A dentist who committed what investigators believe is one of the largest frauds in NHS history has been jailed for four years.
David Heppleston claimed £450,000 from the health service over an eight-and-a-half year period, York Crown Court heard.
The 45-year-old widower, who in 2002 won £64,000 on the TV quiz show ‘Who Wants To Be A Millionaire’, admitted 15 fraud charges at an earlier hearing and asked the judge to take into account a further 85 offences of obtaining money transfers by deception.
Heppleston, who ran a surgery in Scarborough, created false patients to claim the extra cash and added further treatments which his existing patients never received.
Recorder of York Paul Hoffman QC said Heppleston had effectively claimed £50,000 a year over the period, tax free. ‘In my view it was motivated by greed’, the judge said. ‘It has all gone. Absolutely nothing has been recovered.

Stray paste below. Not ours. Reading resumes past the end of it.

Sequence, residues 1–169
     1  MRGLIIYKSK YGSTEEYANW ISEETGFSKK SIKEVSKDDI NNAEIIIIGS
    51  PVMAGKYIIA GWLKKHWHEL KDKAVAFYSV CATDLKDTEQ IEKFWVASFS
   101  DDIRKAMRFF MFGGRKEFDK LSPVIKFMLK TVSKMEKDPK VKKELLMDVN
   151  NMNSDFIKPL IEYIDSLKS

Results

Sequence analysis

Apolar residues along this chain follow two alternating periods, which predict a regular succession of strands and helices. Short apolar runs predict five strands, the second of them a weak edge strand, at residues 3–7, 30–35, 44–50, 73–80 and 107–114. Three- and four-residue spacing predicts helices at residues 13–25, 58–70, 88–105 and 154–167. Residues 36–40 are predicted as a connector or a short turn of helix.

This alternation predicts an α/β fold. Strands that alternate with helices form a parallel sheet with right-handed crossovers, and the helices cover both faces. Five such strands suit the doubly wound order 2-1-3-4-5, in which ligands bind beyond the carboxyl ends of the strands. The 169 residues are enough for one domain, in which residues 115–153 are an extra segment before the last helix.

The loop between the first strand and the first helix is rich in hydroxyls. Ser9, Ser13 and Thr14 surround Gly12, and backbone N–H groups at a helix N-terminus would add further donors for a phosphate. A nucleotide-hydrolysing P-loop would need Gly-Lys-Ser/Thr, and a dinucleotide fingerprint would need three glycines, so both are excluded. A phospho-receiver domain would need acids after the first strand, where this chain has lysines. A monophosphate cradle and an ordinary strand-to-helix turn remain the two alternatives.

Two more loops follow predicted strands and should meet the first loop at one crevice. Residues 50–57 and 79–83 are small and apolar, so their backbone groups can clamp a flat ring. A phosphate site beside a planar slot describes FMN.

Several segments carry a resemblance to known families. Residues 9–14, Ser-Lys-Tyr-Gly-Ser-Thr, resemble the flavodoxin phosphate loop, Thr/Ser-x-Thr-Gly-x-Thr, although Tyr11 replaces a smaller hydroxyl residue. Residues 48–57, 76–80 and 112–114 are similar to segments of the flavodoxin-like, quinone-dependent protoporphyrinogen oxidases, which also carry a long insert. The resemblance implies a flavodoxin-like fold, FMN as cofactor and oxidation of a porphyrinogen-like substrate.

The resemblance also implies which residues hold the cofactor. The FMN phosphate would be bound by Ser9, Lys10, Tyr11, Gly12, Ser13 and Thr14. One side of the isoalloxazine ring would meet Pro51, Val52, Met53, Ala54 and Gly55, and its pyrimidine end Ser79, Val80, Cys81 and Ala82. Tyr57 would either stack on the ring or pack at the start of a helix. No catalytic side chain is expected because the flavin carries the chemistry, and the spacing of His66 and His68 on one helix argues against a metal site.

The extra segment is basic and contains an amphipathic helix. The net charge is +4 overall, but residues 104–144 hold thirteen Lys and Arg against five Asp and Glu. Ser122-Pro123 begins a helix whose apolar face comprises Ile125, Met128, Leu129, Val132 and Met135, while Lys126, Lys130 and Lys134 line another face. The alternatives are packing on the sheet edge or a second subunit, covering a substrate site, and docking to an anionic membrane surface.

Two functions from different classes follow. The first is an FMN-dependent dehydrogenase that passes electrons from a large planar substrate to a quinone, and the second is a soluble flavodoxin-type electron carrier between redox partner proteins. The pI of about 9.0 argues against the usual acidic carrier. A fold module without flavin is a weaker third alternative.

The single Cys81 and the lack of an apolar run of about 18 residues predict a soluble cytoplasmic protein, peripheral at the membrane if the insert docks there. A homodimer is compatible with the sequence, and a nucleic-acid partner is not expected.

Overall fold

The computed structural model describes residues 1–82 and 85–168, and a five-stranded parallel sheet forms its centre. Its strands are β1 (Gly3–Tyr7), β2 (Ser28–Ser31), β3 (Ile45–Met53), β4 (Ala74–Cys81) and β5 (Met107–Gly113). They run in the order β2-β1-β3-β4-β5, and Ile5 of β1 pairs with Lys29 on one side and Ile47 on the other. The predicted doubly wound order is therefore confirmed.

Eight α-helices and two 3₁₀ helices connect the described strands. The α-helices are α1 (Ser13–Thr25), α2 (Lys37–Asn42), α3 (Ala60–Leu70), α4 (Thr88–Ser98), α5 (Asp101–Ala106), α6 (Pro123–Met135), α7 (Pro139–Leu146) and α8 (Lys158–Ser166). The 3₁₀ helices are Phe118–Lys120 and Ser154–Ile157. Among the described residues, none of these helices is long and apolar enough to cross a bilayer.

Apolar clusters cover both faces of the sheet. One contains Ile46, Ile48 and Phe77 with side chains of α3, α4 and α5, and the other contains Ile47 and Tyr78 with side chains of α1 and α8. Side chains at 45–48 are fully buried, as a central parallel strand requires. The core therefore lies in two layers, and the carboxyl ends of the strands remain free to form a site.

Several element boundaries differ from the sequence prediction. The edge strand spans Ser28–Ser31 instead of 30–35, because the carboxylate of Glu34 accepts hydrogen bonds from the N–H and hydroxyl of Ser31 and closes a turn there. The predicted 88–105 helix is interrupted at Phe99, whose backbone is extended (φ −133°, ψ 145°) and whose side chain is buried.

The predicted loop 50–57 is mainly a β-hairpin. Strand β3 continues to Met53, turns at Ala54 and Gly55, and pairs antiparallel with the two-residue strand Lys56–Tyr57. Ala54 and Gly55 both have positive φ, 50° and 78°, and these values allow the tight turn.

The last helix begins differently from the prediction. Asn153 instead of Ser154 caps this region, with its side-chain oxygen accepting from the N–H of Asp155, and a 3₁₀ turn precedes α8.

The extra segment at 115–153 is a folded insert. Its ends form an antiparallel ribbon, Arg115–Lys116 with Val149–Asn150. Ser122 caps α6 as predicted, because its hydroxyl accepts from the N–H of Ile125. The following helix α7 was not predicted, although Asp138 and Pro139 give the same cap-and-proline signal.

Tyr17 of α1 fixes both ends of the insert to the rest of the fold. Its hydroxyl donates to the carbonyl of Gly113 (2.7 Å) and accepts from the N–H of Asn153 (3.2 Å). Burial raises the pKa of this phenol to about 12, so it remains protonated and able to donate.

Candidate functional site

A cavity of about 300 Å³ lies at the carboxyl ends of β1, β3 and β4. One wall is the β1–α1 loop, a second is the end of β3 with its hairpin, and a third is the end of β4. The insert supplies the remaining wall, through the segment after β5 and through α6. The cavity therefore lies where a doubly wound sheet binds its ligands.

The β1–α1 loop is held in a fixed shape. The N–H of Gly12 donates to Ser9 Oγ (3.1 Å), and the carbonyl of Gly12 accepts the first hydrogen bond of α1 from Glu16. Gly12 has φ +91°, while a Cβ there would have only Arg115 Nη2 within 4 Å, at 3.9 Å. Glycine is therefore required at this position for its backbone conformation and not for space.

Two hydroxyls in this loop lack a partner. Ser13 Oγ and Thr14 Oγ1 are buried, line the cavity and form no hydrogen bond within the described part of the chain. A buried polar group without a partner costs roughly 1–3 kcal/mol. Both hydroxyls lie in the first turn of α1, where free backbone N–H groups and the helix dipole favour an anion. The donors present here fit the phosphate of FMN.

‘We hope this will send a strong message to anyone who thinks that the NHS can be defrauded for personal gain. It was sophisticated but also blatant. This represented a gross breach of trust to the paying authority to whom you owed a duty of scrupulous honesty.’
The court heard that Heppleston’s wife had unexpectedly died last year and he was left to bring up his eight-year-old son alone.
His barrister, Taryn Turner, said her client was a ‘popular and talented’ dentist but had brought disgrace to himself and his family, and would never work in the industry again. Ms Turner appealed to the judge not to jail Heppleston as an ‘act of compassion’ to his little boy.
Judge Hoffman said he had ‘enormous sympathy’ for Heppleston’s circumstances but said professionals needed to be competent as well as ‘scrupulously honest’ and custody was his only option.
Heppleston qualified in 1984 and had practised in Scarborough since 1986. Suspicions were raised because he claimed to have fitted an abnormally high number of crowns and precious metal work on patients.
Following the case, Stephen McKenzie, of the NHS Counter Fraud Service, said: ‘Heppleston let down both the NHS and the patients whose care he was charged with. Over a period of time he defrauded huge sums of money that were intended for patient care.
‘This was not only a betrayal of the people of Scarborough and the majority of honest, hard-working dentists, but of the NHS itself. We hope this conviction will send a strong message to anyone who thinks that the NHS can be defrauded for personal gain – you risk your career, livelihood and liberty.’